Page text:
Time Called on Myanmar Beer Battle as Military Conglomerate Agrees to Buyout Terms

By Sean Gleeson 7 August 2015

RANGOON — A longstanding dispute between partners in Burma’s most popular beer brand appears to be over, after a Singapore tribunal ordered a local firm to finalize a share purchase in the coming weeks.

A subsidiary of the military-owned Union of Myanmar Economic Holdings Limited (UMEHL)—a sprawling conglomerate with interests in banking, mining, transportation and manufacturing—has agreed to pay US$560 million for the 55 percent stake of Singapore-listed beverage company Fraser & Neave in Myanmar Brewery, the producers of Myanmar Beer.

The sale will be finalized by a court-ordered date of Aug. 20, following a last-ditch attempt by UMEHL to petition for a 30 percent reduction in the sale price.

UMEHL began proceedings in the Singapore International Arbitration Centre in August 2013, claiming that the purchase of a controlling stake in Fraser & Neave by companies belonging to Thai business magnate Charoen Sirivadhanabhakdi led to a change in shareholding structure that violated the joint venture agreement signed in 1995.

Charoen, listed by Forbes Magazine as one of the world’s top 100 richest people, is founding chairman of liquor company Thai Beverage, best known as the brewer of Chang. Thai Beverage was one of the companies used to acquire Fraser & Neave, install Charoen as chairman and secure the tycoon a foothold in the Burmese liquor market.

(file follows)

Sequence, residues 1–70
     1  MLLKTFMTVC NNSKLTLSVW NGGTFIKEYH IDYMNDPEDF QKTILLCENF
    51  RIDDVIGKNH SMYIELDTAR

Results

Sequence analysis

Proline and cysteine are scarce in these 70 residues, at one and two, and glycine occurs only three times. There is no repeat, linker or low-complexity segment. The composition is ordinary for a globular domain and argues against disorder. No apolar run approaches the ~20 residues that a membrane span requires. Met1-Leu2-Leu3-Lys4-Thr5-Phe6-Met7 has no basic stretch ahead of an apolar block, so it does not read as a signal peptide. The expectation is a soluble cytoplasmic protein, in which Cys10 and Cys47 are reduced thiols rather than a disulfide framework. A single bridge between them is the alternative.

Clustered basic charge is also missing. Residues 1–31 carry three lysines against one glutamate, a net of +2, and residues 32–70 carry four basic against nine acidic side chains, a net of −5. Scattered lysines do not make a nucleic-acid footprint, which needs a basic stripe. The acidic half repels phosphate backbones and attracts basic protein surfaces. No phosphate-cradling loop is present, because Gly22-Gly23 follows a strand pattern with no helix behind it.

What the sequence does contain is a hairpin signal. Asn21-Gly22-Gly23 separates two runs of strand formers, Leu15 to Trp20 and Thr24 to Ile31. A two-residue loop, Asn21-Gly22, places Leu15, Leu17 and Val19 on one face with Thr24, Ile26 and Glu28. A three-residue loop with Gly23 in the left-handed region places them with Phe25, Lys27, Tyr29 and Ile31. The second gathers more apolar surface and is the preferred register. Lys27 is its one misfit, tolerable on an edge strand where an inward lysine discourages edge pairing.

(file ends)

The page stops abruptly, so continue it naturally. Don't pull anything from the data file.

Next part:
A ruling on Oct. 31 last year gave UMEHL the right to buy Fraser & Neave’s stake in Myanmar Brewery, but disagreements continued over how the sale would be priced in foreign exchange.

An independent assessment published on July 22 valued the majority share at 500 billion kyats. Fraser & Neave argued that its stake should be sold at the US exchange rate on the day the dispute was first raised in April 2013, pricing the deal at US$560 million.

UMEHL sought a court injunction to fix the transaction at the exchange rate listed the day before the eventual purchase—an estimated $400 million at current market rates. The application was dismissed on July 31.

Both companies issued separate statements on Thursday, announcing that the sale of Fraser & Neave’s stake would proceed at the price originally sought by the company.

Growth in liquor sales has prompted a number of international liquor conglomerates to stake their claim in Burma and begin competing against established local brewers.

Carlsberg began brewing at a $70 million dollar facility in Bago Division in October 2014, with its Tuborg and Yoma brands hitting shelves in July ahead of an expected September debut of the company’s eponymous flagship beer.

Heineken commenced local operations in July in a joint venture with Alliance Brewery, and is expected to begin production shortly. The Myanmar Investment Commission is expected to issue another international brewing license in the near future.

According to market research firm Ipsos, the people of Burma drank an estimated 10 liters of beer per capita in 2013, nearly double the figure from three years earlier. By contrast, per capita consumption in Thailand was 25 liters and Vietnam was 30 liters in the same year.